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    1. I posted here recently that I see Carlyle as a coach who does indeed interact with his players and while obviously intense, can relax with them at times as well. As you have observed, Carlyle just wants players to improve, which surely is always the motivation. Now, if he is unfairly singling out guys (and I guess some fans and former players seem to feel that has occurred) then that's an issue, though I agree that has not happened publicly. But I don't know that we have any indication that there is an issue with Gardiner, other than Carlyle pushing him to be better in all areas of his game. Thanks C.N.

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  4. My guess is that if Elliotte Friedman is talking about it, there is substance to it. That said, I don't think he's going to be traded, at least not so early. The Leafs, hard as they are on Gardiner, believe he is special, which is why they think he's worth a top forward in return. Other teams, as much as they would agree, would never admit that, and would not want to give up the farm when they can negotiate him more as a middling defenseman who hasn't proven a thing yet. If he were to be traded, it wouldn't be until the trade deadline at least, if not after this season.

    I am hoping (assuming my own theory here holds) that Gardiner is able to use this season as a chance to prove once and for all that he is in the Leafs' future plans. I have no doubt that his lack of confidence is hurting him right now. As you say, he's just 23 years old. The name that immediately comes to mind for me is Tomas Kaberle. Where was he at 23? A late round draft choice still finding his game, and given the opportunity to flourish. He rewarded the Leafs with more than a decade of smooth puck movement out of their zone and was a dangerous part of the power play unit. Kaberle was no more physical defensively than Gardiner to say the least.

    Maybe the Leafs are so enamoured with Rielly that they are hoping he pushes Gardiner aside as the puck moving defenseman, and hoping they can pull off a trade of the magnitude of Schenn for van Riemsdyk. Just another theory maybe, I guess I'm trying to figure out myself what the Leafs' brass is thinking with their attitude toward Gardiner. I for one can envision him being a viable part of this franchise for a long time, given the chance.

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    1. It's always hard to figure out what management might be thinking. Surely they did not initiate this "rumour", though some have suggested that would actually help to create a bidding war for Gardiner.

      I'm more inclined to think that non-Leaf people have kick-started this. That said, I'm surprised that we wild even consider this, given that defensemen generally don't fully mature until much later in their careers. For sure if we were to trade Gardiner, we would be following his progress elsewhere for a decade or more...

      I'm not one who, thinks, for example, that we can't accommodate both Rielly and Gardiner, as long as we also have some defensemen who can play the physical hockey that's also needed. The Devils in their hey-day had some smooth-skating offensive defensemen (Rafalski and Niedermayer, for example) but also crunchers like Stevens and Daneyko as I recall. Thanks Pete!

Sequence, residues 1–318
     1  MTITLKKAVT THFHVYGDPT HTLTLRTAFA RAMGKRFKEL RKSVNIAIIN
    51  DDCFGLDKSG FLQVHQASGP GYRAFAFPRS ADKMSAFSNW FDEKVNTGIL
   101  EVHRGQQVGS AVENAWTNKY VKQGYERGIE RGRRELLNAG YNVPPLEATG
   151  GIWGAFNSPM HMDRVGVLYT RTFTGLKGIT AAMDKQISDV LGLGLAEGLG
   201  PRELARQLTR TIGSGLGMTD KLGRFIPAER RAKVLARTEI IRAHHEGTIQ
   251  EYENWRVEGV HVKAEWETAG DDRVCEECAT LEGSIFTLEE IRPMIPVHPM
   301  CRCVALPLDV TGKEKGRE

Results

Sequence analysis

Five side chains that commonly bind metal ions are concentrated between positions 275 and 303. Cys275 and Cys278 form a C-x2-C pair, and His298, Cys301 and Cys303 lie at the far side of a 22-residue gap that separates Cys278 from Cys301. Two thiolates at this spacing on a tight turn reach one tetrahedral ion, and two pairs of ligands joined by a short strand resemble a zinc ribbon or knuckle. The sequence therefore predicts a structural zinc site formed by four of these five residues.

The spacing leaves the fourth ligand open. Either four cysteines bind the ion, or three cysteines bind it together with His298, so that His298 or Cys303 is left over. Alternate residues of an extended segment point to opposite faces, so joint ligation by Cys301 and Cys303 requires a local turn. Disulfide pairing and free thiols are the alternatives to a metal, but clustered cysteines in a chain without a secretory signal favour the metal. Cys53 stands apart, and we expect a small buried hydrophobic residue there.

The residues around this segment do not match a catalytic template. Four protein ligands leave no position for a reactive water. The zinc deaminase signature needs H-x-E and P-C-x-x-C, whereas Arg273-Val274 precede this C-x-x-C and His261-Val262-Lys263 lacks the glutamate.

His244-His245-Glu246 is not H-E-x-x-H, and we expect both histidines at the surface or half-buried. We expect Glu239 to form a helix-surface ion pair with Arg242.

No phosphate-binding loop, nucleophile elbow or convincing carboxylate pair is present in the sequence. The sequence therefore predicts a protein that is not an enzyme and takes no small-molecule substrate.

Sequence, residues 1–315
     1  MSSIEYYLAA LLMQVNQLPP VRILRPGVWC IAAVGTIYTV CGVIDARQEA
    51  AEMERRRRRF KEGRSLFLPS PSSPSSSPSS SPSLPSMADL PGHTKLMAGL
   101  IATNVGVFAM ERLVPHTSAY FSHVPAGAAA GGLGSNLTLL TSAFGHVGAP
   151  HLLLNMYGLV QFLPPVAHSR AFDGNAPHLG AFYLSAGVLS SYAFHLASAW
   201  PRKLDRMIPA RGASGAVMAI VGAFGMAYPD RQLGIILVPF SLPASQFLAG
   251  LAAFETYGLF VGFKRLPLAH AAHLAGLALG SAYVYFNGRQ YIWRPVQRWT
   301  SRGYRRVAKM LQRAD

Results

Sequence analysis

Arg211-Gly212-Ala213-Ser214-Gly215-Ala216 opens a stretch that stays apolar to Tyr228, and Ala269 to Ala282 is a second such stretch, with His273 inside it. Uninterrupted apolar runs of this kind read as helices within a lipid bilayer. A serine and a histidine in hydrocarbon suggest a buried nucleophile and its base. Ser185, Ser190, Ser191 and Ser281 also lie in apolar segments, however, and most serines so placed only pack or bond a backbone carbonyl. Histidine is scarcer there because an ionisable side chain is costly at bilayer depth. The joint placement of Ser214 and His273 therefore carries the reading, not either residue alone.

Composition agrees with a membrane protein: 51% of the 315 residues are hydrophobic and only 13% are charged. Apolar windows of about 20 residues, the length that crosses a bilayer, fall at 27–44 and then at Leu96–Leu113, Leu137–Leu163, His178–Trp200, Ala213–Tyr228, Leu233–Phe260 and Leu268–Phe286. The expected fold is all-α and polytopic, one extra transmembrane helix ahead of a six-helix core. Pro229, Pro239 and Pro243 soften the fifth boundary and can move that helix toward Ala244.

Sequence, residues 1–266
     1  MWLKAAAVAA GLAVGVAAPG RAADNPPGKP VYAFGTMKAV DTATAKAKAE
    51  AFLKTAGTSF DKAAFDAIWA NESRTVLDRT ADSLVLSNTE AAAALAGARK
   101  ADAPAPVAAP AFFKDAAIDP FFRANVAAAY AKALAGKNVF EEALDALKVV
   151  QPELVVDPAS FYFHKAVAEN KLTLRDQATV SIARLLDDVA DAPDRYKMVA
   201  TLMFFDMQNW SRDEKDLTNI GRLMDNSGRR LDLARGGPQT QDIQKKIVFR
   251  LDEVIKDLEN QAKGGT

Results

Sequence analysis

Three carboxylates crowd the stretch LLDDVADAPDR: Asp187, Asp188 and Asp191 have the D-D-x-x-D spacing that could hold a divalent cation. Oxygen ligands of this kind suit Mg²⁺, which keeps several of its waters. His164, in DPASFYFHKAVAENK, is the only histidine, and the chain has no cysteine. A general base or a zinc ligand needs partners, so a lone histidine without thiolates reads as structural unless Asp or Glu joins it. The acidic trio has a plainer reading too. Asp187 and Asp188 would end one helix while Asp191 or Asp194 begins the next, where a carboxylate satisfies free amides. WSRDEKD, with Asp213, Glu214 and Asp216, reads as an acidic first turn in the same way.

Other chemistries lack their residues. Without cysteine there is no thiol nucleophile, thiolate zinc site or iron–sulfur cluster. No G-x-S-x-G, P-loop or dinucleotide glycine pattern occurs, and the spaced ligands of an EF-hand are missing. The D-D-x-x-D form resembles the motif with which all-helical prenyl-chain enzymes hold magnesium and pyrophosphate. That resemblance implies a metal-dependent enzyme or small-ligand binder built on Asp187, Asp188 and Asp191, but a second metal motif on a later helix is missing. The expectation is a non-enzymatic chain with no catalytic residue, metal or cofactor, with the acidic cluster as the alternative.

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  5. I never answered your question! I can understand some frustration with Gardiner. And I do now recall Carlyle saying something about a " Jake mistake" which I'm sure he regretted. Gardiner seems to regress a bit at the start of the season and then builds up again but I don't think we'll move him. With an 82 game schedule there's a lot more time this year to give all young players a chance to play and progress and that's what we're seeing. They know they have a special talent in Gardiner. Unless someone offers a young talented player with a right-hand shot and a low contract straight up for Jake, nothing will happen and I'm not sure teams are willing to make that sort of deal this early in the season. The Oilers have stated they'll make "bold moves" but they need someone who is ready now and Jake is still developing. The interest teams have shown was originally for Franson ( I'm hoping Nonis is working on an extension for him) so we can only wonder why Gardiner has been mentioned. Hopefully nothing comes of it. I'd like to keep them both.

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  6. Steve from CalgaryOctober 10, 2013 at 9:44 AM

    Good Morning Michael, It seems to me that RC has a system and is doing his job of coaching these players to be the team that will gel and go far into the season with their style and game. Bringing up players from the Marlies who've produced, and giving them time with the big club is a great reward for being the player they have been coached to be. It follows through to the big club and #28 has been a part of that style that RC has been preaching. Reward = TOI.
    In Morgans case, I agree that he is still young and a D-man takes longer to mature/develop into a solid D-man in most cases. Its a gamble whether you trade for a #1C or hold on to your prospect and take the chance that he will be that special D-man. imo, if they can get a Sven Baertschi or similar type prospect. then pull the trigger as we do have a stable full of potential "special D-men" in the minors and coming thru the system. Other wise keep Morgan and develop him, teach him and watch him be the guy you are hoping for. Good grief, the Leafs have a huge management team that can help get these kids to the level they expect or move them. That's a lot of hockey minds sitting up in the private boxes watching and scouting.